Fig. 2B shows the proper wiring between the components of the lighting control system of Fig. 2A.
Fig. 3 shows the front view of a radio Typical car of the prior art.
Fig. 4 shows a lighting control that It is available from the assignee of the present invention.
Fig. 5A shows a first embodiment of a regulator that can be mounted on a wall of the control system of illumination of the present invention.
Fig. 5B shows an alternative embodiment of a regulator that can be mounted on a system wall lighting control of the present invention.
Fig. 6A shows a first embodiment of a master control that can be mounted on a system wall of the present invention
Fig. 6B shows a second embodiment of a master control that can be mounted on a system wall of the present invention
Fig. 7A shows a first embodiment of a Wireless handheld transmitter for use in the system present invention
Fig. 7B shows a second embodiment of a Wireless handheld transmitter for use in the system present invention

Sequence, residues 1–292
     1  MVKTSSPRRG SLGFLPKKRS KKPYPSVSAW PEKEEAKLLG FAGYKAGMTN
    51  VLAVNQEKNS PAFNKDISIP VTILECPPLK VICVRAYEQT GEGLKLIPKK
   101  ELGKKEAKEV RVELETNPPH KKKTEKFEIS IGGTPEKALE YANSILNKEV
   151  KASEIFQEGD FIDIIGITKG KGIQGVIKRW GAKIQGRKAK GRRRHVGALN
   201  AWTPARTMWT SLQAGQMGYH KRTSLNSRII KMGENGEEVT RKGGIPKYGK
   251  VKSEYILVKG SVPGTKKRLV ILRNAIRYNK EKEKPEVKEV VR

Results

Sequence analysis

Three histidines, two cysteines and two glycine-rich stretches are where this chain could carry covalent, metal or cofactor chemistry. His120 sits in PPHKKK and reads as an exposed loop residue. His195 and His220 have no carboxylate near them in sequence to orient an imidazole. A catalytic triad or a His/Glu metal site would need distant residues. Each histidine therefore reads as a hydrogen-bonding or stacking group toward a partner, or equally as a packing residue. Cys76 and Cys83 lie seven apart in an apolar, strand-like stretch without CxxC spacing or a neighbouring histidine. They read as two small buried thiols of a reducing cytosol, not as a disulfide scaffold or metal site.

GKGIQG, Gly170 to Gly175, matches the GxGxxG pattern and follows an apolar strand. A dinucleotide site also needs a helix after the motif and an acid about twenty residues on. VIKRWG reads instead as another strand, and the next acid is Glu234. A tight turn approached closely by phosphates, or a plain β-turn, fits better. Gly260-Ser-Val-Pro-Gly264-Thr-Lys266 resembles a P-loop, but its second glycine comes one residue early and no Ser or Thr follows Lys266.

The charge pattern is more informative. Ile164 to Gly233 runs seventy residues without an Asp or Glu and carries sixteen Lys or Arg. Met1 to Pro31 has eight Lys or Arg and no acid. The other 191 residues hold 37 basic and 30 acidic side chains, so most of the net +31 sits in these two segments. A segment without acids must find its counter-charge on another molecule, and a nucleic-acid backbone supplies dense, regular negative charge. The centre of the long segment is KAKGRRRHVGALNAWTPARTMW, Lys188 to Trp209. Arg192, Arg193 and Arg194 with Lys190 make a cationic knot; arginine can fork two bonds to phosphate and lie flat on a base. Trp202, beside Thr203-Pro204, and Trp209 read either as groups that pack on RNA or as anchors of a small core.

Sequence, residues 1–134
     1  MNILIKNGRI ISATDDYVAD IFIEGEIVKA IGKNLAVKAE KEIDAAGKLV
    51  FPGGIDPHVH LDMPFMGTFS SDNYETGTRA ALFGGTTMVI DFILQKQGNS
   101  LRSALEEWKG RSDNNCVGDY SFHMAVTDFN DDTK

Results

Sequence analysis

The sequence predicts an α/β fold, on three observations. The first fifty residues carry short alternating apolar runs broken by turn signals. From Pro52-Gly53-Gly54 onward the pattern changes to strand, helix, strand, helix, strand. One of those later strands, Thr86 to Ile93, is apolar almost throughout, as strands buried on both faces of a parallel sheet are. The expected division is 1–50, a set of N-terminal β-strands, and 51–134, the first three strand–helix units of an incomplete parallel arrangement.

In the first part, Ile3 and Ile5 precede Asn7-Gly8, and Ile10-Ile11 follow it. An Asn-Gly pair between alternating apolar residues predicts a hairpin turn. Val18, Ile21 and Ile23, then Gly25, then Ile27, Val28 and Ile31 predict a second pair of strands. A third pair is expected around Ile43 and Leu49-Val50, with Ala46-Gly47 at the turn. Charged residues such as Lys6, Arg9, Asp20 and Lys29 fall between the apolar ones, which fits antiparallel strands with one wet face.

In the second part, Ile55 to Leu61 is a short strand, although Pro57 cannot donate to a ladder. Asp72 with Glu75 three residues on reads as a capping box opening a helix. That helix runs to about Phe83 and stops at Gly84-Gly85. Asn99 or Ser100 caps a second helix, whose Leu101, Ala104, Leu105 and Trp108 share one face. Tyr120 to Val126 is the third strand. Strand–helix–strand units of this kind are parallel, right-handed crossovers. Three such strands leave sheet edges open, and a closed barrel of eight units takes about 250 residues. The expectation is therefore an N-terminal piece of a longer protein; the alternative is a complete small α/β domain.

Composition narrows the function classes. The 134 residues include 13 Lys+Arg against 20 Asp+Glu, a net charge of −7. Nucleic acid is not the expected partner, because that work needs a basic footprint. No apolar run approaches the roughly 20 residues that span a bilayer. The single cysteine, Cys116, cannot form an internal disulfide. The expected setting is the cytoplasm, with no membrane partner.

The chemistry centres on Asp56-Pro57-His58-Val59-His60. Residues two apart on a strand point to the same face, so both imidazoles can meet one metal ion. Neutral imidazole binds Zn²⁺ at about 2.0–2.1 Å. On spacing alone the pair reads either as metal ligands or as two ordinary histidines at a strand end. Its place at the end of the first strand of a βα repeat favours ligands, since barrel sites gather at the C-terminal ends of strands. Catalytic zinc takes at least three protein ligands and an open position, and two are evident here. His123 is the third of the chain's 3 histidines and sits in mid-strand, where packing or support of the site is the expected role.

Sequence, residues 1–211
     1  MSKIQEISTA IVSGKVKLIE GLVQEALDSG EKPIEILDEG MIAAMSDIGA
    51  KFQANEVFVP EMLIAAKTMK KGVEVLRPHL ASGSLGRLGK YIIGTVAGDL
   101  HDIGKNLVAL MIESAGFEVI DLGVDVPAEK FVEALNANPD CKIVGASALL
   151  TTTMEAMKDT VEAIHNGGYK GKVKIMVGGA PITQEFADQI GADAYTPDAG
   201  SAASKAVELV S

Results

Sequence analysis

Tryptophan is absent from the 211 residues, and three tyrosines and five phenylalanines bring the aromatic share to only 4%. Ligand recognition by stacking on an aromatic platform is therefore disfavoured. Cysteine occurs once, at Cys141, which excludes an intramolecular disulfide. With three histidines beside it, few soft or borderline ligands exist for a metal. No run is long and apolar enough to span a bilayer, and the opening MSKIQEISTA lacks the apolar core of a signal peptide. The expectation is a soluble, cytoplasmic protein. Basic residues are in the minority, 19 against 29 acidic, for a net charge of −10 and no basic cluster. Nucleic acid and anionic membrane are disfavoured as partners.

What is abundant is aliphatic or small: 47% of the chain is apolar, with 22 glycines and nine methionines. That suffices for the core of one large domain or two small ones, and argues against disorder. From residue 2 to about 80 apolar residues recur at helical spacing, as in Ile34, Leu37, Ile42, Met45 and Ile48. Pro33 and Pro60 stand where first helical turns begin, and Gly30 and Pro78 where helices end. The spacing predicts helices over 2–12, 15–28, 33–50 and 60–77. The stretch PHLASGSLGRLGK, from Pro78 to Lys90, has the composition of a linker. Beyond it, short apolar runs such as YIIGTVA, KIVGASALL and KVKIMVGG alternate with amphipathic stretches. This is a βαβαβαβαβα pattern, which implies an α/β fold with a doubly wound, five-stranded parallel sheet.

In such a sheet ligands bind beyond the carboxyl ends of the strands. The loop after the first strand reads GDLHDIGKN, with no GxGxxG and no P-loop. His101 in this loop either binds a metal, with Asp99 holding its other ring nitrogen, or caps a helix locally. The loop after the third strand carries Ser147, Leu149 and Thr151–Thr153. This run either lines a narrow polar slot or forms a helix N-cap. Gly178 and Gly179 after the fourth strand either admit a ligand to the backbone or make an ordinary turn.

Fig. 8A shows a regulator that can be mount on a wall and the master control that can be mounted on a wall of the lighting control system of the present invention and how they connect to the power supply and loads when some of the components are located in a wall box common.
Fig. 8B shows a regulator that can be mount on a wall and the master control that can be mounted on a wall of the lighting control system of the present invention and how they connect to the power supply and loads when some of the components are located in wall boxes separated.
Fig. 9 shows a block diagram of the electrical components of the regulator of Fig. 5A or 5B.
Fig. 10 shows a block diagram of the electrical components of the system master control of the present invention of Fig. 6A or 6B.
Fig. 11 shows the details of a first realization of an electric conductor.
Fig. 11B shows the details of a second realization of an infrared conductor.
Fig. 11C shows two electrical wall boxes spaced and a communication cable connecting the two boxes murals
Fig. 12A through 12D show diagrams of software flow for the regulator of Fig. 5A or 5B.
Fig. 13 shows a software flow chart for the master control of Fig. 5A or 5B.
Fig. 14A through 14F show the methods for store a preset lighting level in the systems of wall box regulators.